# Example 1: Applying an automatic error detection algorithm to a timeseries

*Created by Davíd Brakenhoff, Artesia, May 2020*

This notebook contains a simple example how to set up an automatic error detection algorithm based on a few simple rules and applies those rules to a groundwater timeseries.

First import the requisite packages:

```
[1]:
```

```
import os
import numpy as np
import pandas as pd
import traval
from traval import rulelib as rlib
```

## Data

Load the data. The following information is available: - The raw groundwater levels (with all the measurement errors still in the timeseries). - The manually validated timeseries (this is what we consider as the ‘truth’). Of course the manual validation isn’t always perfect, but since it’s all we have to compare with we’re using this as our ‘truth’. We assume our manual validation is good, so hopefully our error detection algorithm yields similar results to the manual validation. - The sensor level in meters relative to NAP, for checking whether the sensor is above the groundwater level. - The elevation of the top of the piezometer, for checking whether the groundwater level is above this level.

```
[2]:
```

```
datadir = "../data/"
raw = pd.read_csv(os.path.join(datadir, "raw_series.csv"), index_col=[0], parse_dates=True).squeeze()
truth = pd.read_csv(os.path.join(datadir, "manual_validation_series.csv"), index_col=[0], parse_dates=True).squeeze()
truth.name = "manual validation"
sensor_level = pd.read_csv(os.path.join(datadir, "sensor_level_nap.csv"), index_col=[0], parse_dates=True).squeeze()
top_piezometer = pd.read_csv(os.path.join(datadir, "top_piezometer_level.csv"), index_col=[0], parse_dates=True).squeeze()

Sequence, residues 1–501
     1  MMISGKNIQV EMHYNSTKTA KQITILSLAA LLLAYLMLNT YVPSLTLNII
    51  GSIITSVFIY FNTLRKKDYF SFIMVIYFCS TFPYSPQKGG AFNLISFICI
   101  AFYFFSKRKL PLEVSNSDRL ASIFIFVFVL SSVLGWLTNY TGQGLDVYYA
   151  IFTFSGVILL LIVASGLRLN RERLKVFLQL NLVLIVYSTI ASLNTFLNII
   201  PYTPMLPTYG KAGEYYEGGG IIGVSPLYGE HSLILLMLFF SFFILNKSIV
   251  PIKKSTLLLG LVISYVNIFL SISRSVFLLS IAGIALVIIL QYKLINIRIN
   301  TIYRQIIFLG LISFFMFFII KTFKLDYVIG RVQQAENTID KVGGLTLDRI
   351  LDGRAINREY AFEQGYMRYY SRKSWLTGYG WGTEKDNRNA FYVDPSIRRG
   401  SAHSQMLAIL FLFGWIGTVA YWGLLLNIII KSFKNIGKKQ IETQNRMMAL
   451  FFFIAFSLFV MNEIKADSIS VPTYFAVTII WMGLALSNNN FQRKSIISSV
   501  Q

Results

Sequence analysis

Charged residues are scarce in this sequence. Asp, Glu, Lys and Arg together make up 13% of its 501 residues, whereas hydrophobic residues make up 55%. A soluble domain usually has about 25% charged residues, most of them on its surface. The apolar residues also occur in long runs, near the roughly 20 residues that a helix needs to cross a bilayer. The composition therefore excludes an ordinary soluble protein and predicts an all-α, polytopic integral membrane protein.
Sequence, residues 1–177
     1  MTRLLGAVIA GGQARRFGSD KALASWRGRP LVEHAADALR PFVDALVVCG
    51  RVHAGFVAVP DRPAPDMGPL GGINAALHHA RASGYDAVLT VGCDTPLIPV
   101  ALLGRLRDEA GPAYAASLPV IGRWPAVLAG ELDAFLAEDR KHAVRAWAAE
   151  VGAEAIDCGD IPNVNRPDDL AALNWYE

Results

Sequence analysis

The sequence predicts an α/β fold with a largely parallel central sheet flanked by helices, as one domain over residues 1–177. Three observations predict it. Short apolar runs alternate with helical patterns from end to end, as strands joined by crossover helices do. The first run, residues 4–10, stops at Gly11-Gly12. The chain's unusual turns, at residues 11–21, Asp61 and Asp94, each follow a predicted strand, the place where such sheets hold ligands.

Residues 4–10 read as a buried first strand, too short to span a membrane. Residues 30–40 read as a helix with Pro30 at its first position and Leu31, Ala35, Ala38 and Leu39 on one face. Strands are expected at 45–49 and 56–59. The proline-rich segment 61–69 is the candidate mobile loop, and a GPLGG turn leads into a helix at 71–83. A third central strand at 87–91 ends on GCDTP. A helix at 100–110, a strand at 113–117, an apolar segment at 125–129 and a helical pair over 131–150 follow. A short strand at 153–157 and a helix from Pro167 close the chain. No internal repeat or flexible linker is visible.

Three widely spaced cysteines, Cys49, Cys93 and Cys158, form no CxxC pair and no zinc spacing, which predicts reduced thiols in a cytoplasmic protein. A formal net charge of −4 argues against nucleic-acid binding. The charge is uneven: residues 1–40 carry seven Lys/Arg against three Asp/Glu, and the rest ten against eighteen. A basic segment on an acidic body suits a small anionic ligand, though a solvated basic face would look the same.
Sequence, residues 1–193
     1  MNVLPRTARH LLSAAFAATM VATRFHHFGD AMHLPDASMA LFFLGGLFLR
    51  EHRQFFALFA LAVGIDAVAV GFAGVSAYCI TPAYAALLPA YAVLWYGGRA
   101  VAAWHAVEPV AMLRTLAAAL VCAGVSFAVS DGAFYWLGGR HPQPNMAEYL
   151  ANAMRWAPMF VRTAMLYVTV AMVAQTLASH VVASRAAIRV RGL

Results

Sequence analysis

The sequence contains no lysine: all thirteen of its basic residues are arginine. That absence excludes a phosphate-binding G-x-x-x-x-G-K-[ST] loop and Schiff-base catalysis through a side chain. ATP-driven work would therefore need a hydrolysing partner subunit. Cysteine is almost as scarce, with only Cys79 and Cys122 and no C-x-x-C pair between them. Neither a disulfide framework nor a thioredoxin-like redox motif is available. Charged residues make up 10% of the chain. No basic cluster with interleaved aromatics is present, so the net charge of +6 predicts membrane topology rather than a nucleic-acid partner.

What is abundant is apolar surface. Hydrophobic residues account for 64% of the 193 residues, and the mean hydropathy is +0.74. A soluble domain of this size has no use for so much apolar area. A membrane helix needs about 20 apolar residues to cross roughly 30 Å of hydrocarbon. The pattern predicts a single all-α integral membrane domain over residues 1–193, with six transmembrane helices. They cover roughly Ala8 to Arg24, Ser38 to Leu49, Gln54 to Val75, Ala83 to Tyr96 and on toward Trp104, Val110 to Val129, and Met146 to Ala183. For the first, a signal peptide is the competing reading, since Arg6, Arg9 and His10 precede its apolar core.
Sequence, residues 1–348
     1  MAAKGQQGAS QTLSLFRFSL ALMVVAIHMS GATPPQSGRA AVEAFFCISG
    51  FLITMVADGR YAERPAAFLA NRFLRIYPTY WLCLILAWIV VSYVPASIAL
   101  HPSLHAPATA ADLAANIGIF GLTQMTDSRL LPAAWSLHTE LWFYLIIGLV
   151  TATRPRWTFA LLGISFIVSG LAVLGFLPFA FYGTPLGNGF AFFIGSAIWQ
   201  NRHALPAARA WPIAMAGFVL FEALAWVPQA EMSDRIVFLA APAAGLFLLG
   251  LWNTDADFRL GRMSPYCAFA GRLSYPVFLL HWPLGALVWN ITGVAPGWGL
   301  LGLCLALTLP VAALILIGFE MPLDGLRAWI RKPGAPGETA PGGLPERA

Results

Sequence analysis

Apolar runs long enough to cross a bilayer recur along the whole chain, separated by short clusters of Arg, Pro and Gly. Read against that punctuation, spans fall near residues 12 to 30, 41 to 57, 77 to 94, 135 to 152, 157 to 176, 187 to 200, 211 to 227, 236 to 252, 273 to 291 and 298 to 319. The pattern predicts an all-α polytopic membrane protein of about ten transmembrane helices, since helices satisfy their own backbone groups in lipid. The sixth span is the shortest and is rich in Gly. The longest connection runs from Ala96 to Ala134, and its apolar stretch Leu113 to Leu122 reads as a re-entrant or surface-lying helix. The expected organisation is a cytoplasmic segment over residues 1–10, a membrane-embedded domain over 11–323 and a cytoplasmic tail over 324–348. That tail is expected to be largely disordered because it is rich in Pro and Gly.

```

## The error detection algorithm and the `RuleSet`

object

The detection algorithm consists of 3 checks and an extra step to combine the results of those three checks: 1. Check for spikes (when groundwater level suddenly changes and returns to its original level one timestep later). 2. Check if sensor is above groundwater level. 3. Check if groundwater level is above top of piezometer (if the piezometer is closed this is possible, but in this case we know it isn’t). 4. Combine the results of checks 1 to 3 to yield the final result.

The error detection algorithm is entered using the `RuleSet`

object. This is an object that can hold any number of error detection rules and apply those to a timeseries. With the `RuleSet.add_rule()`

method, rules can be added to the algorithm. Ading a rule requires the following input: - **name**: name of the rule (user-specified) - **func**: the function to apply to the timeseries - **apply_to**: an integer indicating to which timeseries the rule should be applied. The original timeseries
is 0, the outcome from step 1 is 1, etc. - **kwargs**: a dictionary containing any other arguments required by the functions that are passed.